Cody radio station owner to be imprisoned for multi-million dollar tax fraud

Ordered to pay $3.8 million to IRS

Posted 2/22/24

For hiding millions of dollars worth of income from the Internal Revenue Service, a Cody businesswoman has been ordered to serve 15 months in federal prison and to pay $3.8 million in back taxes and …

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Cody radio station owner to be imprisoned for multi-million dollar tax fraud

Ordered to pay $3.8 million to IRS


For hiding millions of dollars worth of income from the Internal Revenue Service, a Cody businesswoman has been ordered to serve 15 months in federal prison and to pay $3.8 million in back taxes and interest.

Susan K. Patrick, who co-owned a prominent media brokerage firm and co-owns a Cody-based network of radio stations, received the sentence Tuesday in Baltimore. Patrick is being allowed to remain free on bond over the coming months, with orders to check into a Bureau of Prisons facility on June 19.

The crime dated back more than a decade, relating to fraudulent returns Patrick submitted for the 2012 to 2015 tax years. Through an investigation that stretched across seven-plus years, the IRS discovered that Patrick had omitted $10 million worth of income from her business filings, and, in turn, $9.5 million from her personal tax returns. The crime involved doctoring legitimate tax documents and lying to IRS investigators, prosecutors said.

“To be clear: this is not a case where a misguided individual buried their head in the sand and hoped the IRS wouldn’t notice some missing taxes,” Matthew Cofer and Thomas Koelbl of the Justice Department’s Tax Division wrote in a court filing. “This is a case of flagrant dishonesty, of shameless disregard for the law.”

They said the fraud allowed Patrick to avoid more than $2.5 million in taxes, though it was only a temporary reprieve. Not only is the 64-year-old liable for the back taxes, she also owes $1.3 million worth of interest on the decade-old debt, prompting U.S. District Judge George Russell III to order a total of $3,843,922 in restitution.

Prosecutors had recommended 24 months of prison time for the “especially serious” tax crime, while Patrick asked to be placed on probation or house arrest.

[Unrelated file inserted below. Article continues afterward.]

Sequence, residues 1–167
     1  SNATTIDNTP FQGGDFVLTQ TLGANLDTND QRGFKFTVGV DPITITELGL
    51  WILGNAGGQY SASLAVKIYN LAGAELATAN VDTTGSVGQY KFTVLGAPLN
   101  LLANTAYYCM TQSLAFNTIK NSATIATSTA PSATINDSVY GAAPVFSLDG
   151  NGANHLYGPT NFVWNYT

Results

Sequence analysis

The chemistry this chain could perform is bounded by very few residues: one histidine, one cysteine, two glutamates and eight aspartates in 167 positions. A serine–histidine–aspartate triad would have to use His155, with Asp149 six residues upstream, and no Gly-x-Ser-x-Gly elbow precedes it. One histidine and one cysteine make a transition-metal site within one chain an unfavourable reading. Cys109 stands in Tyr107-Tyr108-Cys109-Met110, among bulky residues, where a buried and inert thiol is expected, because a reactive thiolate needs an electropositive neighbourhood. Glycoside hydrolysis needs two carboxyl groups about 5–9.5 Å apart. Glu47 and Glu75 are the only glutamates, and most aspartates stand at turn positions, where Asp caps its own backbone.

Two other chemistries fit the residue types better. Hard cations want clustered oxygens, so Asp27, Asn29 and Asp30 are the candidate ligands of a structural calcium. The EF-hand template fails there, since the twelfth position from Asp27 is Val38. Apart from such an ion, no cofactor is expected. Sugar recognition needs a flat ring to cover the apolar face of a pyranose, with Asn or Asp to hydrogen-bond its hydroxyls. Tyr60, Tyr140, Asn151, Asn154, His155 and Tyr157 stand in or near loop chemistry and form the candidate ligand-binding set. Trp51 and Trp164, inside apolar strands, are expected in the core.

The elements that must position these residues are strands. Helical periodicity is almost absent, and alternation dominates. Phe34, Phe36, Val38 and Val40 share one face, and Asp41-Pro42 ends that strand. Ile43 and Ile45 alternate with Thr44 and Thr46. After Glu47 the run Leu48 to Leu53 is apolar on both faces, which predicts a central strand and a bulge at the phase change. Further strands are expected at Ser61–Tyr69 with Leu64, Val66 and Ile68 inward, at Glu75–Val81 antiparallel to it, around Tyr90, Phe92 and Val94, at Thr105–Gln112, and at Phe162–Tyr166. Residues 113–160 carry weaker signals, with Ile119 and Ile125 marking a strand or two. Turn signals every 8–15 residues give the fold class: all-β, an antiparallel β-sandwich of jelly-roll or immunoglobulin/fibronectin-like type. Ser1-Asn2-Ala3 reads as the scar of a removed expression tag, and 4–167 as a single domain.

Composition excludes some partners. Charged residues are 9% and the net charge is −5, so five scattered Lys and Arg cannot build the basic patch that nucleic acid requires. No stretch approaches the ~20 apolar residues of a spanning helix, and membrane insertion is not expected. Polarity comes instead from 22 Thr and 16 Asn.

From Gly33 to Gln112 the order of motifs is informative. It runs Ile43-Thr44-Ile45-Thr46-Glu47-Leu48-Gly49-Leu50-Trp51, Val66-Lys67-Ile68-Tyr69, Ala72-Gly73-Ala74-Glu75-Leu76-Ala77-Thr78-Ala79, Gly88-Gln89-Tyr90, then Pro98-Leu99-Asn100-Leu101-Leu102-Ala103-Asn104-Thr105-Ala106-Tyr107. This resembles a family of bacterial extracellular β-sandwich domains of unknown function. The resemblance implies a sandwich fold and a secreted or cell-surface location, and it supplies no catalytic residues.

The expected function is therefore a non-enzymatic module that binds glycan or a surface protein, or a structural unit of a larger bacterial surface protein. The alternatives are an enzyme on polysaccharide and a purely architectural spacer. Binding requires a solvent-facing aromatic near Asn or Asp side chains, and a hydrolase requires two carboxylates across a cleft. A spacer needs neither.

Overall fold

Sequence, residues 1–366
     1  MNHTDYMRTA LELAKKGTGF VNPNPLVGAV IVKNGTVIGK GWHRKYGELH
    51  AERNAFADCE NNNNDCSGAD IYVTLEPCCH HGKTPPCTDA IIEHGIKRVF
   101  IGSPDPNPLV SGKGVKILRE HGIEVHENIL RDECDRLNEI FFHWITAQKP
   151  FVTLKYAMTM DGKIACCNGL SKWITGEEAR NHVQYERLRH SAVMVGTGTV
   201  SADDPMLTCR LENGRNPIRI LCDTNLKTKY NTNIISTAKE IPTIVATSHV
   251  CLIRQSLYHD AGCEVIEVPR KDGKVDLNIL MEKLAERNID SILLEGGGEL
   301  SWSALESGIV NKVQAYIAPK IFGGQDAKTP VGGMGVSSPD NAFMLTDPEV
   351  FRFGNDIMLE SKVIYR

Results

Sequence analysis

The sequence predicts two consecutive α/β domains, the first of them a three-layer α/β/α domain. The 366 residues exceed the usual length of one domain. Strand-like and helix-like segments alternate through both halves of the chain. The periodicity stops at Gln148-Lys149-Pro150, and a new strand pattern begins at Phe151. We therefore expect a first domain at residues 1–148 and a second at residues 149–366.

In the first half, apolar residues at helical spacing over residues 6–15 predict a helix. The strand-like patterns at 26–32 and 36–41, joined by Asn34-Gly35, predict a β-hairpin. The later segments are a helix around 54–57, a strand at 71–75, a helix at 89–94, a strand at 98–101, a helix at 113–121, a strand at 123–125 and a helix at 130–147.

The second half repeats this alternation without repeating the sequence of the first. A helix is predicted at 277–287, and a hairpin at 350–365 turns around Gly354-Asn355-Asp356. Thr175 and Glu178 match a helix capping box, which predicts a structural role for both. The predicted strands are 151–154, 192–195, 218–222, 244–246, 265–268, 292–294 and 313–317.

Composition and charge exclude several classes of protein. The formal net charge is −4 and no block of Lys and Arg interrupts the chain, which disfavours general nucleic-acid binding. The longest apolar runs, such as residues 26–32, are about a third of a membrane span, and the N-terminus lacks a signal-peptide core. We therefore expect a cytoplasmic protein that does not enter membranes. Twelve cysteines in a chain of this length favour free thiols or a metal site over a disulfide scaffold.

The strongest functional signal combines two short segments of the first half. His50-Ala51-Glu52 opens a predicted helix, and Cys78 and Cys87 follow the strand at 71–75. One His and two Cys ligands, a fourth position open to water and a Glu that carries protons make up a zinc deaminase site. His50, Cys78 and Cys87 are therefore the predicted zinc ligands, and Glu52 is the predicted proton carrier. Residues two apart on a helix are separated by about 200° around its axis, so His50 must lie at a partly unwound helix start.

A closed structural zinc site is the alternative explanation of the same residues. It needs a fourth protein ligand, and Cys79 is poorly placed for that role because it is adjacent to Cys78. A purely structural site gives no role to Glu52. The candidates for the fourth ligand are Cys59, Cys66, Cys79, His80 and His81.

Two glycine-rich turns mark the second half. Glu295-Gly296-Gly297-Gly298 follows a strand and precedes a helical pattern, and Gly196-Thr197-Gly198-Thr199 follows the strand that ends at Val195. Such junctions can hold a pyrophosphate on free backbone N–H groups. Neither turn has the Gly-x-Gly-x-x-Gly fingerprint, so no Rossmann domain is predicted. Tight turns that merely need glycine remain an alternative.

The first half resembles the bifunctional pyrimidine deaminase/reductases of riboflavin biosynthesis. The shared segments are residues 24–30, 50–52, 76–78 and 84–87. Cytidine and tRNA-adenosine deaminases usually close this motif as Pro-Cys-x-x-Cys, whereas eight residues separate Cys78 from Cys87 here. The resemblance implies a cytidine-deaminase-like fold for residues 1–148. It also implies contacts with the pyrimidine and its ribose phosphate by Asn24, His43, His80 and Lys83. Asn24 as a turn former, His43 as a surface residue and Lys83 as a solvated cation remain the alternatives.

In a sentencing memo submitted by her defense attorney, Patrick said she “sincerely apologizes for her actions and is saddened by the effect that this had had on her community, family and friends.” Her attorney called the crime an outlier in “an otherwise respectable, charitable and law-abiding life.” 


Making millions

Susan Patrick and her husband, William “Larry” Patrick, brokered billions of dollars worth of radio and television broadcasting deals over the past few decades through their firm, Patrick Communications. They also have co-owned Legends Communications of Wyoming, which operates 26 radio stations and translators in northern Wyoming — including KODI, KTAG, KZMQ and KCGL of Big Horn Basin Media.

Susan Patrick told IRS agents that Legend Communications was hit hard by the recession and did poorly in 2012-2015, but Patrick Communications did well.

In 2013, court filings indicate the couple earned over $4.3 million and used Patrick Communications funds to purchase a $250,000 condo in Bozeman, take a $20,600 vacation to the British Virgin Islands and buy a Tesla vehicle. However, Susan Patrick later manipulated the couple’s tax returns to claim they’d lost $773,163 that year.

“There are millions of hardworking Americans who pay their taxes each year despite struggling to make ends meet,” prosecutors wrote. “[Susan] Patrick was not one of them.”

An accounting firm had accurately prepared income tax returns for the Patricks and their businesses from 2012 to 2014, but Susan Patrick never filed them, court records say. When the IRS inquired about the missing returns in 2016, Patrick deleted $10 million from Patrick Communications’ returns and $9.5 million from her and her husband’s, then backdated the forms to make it look like they’d filed on time.

However, the ruse didn’t fool the IRS, in part because she accidentally left a 2015 label on the form that represented it as having been filed in 2013.